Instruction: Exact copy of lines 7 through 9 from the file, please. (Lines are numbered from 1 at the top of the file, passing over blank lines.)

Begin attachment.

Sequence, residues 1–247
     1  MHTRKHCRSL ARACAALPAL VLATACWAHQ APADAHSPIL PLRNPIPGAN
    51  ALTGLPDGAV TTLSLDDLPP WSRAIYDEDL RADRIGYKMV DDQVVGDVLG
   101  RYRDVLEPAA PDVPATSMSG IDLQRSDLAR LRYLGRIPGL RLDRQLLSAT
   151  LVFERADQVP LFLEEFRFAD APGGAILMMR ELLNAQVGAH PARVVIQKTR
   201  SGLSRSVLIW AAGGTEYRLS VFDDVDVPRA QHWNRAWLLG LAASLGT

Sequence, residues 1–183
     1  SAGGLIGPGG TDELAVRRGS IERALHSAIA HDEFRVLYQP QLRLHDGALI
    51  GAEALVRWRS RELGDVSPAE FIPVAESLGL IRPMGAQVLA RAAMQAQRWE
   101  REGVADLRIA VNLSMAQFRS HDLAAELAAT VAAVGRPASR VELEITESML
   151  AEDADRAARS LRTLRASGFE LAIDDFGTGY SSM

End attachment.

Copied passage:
Sequence, residues 1–183
     1  SAGGLIGPGG TDELAVRRGS IERALHSAIA HDEFRVLYQP QLRLHDGALI
    51  GAEALVRWRS RELGDVSPAE FIPVAESLGL IRPMGAQVLA RAAMQAQRWE